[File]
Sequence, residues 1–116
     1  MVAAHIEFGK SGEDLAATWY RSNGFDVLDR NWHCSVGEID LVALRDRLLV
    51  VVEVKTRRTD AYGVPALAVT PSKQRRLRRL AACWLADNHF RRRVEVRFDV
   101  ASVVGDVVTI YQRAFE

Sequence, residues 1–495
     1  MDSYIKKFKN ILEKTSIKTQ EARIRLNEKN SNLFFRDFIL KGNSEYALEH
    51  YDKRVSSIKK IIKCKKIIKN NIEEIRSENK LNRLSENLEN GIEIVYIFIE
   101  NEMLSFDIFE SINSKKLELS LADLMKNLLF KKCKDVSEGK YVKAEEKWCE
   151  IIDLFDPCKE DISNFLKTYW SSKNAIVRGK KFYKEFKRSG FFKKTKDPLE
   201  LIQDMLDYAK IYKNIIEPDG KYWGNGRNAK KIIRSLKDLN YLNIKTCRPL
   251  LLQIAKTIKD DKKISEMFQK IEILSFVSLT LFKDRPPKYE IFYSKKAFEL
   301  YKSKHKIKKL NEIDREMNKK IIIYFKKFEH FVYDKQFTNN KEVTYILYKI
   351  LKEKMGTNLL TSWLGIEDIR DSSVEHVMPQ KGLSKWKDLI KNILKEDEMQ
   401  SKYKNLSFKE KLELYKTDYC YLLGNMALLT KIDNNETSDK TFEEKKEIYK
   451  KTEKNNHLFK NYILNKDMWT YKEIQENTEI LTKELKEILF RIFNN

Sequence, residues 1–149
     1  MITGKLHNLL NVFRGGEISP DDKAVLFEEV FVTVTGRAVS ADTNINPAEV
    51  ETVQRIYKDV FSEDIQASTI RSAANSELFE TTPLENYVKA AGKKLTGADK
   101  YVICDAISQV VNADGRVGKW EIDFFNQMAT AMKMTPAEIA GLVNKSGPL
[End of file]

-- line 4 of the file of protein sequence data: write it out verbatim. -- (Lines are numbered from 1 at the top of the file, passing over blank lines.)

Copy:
   101  ASVVGDVVTI YQRAFE